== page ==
In a quest to create a living environment that exudes peace and tranquility that only nature can bring, the biophilic design will become even more popular in the years to come. Devotees of nature, ecology, and sustainability in the design and decoration of interiors and exteriors, buildings, homes, and offices are looking for solutions that will bring us closer to our innate love and need for nature. In collaboration with Sensa magazine, we bring to you a more detailed insight into this major living trend.
Bring nature into our homes
There is growing scientific evidence that supports the fact that distancing ourselves from nature adversely affects our health and well-being. Many experts believe that behind the stress we accumulate lies the lack of adaptation to life in urban areas. That is – the deficit of nature. Natural greenery relieves stress, depression, anger, frustration, improves mood and physical health, concentration, productivity, creativity…
Nature can also help us transform our living space. This is evidenced by biophilia – a term coined by psychologist Erich Fromm and later, in the 1980s, popularized by Edward O. Wilson, an evolutionary biologist at Harvard. Biophilia represents a genuine human need for connectivity and harmony with nature.
Biophilic design is becoming more and more appealing to designers and architects eager to create a space that is custom made for a more human way of living. This type of design and decor includes, among other things, buildings that resemble shells, homes that rotate in daylight, apartments whose balconies resemble small, green jungles, and homes that encourage residents to grow food and even produce themselves foods such as honey. It is obvious that this type of architecture of the future grew out of the roots of our past.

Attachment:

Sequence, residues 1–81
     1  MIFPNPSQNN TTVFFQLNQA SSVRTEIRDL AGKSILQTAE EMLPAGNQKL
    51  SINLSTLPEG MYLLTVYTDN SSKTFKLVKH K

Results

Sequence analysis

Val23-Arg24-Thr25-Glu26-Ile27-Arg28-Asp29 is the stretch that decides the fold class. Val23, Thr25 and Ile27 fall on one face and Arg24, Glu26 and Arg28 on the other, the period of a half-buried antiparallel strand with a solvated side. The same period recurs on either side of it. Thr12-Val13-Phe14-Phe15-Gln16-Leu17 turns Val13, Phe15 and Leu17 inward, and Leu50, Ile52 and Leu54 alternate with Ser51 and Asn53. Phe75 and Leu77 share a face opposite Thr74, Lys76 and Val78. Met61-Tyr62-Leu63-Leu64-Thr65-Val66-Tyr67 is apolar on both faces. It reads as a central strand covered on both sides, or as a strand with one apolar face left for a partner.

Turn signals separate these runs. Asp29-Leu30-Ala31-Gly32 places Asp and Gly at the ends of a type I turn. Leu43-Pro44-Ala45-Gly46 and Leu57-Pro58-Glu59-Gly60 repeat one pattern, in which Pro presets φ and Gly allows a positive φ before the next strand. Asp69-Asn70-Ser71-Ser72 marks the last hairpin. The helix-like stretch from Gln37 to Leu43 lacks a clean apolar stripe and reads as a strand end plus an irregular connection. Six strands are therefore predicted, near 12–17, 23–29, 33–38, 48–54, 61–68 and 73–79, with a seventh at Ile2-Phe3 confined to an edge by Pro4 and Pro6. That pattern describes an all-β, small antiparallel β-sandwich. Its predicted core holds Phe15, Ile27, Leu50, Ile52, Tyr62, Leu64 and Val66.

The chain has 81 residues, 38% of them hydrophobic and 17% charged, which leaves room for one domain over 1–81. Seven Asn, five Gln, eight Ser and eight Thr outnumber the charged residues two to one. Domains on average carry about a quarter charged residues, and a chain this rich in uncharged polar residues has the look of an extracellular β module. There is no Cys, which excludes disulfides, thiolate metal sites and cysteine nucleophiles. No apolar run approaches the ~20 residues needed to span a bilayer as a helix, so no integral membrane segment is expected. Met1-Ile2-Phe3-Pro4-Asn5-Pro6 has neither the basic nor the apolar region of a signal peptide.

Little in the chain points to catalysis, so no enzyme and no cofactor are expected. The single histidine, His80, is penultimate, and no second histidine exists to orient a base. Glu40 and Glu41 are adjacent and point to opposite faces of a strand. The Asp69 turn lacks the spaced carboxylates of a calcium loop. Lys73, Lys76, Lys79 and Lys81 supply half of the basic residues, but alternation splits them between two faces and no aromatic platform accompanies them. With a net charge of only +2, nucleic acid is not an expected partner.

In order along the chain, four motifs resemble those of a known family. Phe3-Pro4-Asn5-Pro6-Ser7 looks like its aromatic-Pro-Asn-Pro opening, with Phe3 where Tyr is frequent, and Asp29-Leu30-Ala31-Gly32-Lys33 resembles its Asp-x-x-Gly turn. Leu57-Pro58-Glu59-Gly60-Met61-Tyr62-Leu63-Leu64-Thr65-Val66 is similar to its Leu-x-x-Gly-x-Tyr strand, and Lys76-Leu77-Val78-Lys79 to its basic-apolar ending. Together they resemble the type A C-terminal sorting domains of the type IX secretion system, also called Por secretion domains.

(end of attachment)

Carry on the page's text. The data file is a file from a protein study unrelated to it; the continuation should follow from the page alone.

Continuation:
„The biophilic home should, above all, be an oasis and a refuge for the modern person after a busy and stressful day,” defines Nataša Komljenović, an architect and expert in biophilic design from Novi Sad (Serbia), adding that this design is characterized by the urge to reconnect with nature, natural elements and its rhythms.
7 tips on biophilic design
Amanda Sturgeon, the author of the book Creating Biophilic Buildings, brings the principles of biophilic design into our homes.
Windows to the world
The home should bring an abundance of fresh air and daylight through numerous windows, skylights, and doors to connect with the outdoors. Through the open windows, we can also hear sounds from nature – rain, wind, birds singing. It connects us with the seasons and the weather.
Interaction of light and shadows
We are healthier when our biorhythm is in balance and when daylight is available to support it. By watching the shadows around the room we intuitively know what time it is and we instinctively gather in places where there is more sunlight.
Between interior and exterior
In almost every climate, outdoor spaces can be used as a functional study room or living room for at least a few months a year. Spending more time outdoors will make you feel more in tune with nature.
Too often our living spaces are sterile, with no sign of wilderness. Include as many natural materials as possible in your home, such as wood, stone, wool, bamboo – materials that are not processed. Different textures and patterns will encourage the variety of sensory experiences we usually experience in nature.
All forms of nature
Today, architecture is mostly dominated by straight lines and right angles. Since every home cannot be inspired by forms from nature, we can use many motifs and shapes from nature as decorative details that will make us feel closer to the location or area in which we live, using authentic plants, branches, shells, fountains…
The spirit of the location
Due to the global economy and the availability of diverse materials and products from all around the world, our homes have lost their sense of belonging – they do not reflect our climate and culture. Whether you live near the sea or near the forest, try to understand the character of the location and use it as a décor guide.
Nature is not monotonous, it is spacious – from meadows and dense forests to mountain peaks. By mimicking the nature of the home, try to create a variety of micro spaces that will suit a specific purpose or mood. Create a room that is quiet in some corners and “alive” in others by using vibrant and neutral colors for visual partitions. That way you can mimic the experience of being outdoors.
Author: Magda Dežđek/Sensa Magazine
Sensa is a Croatian wellbeing monthly magazine covering topics about personal growth, healthy and sustainable lifestyle, and life/work balance.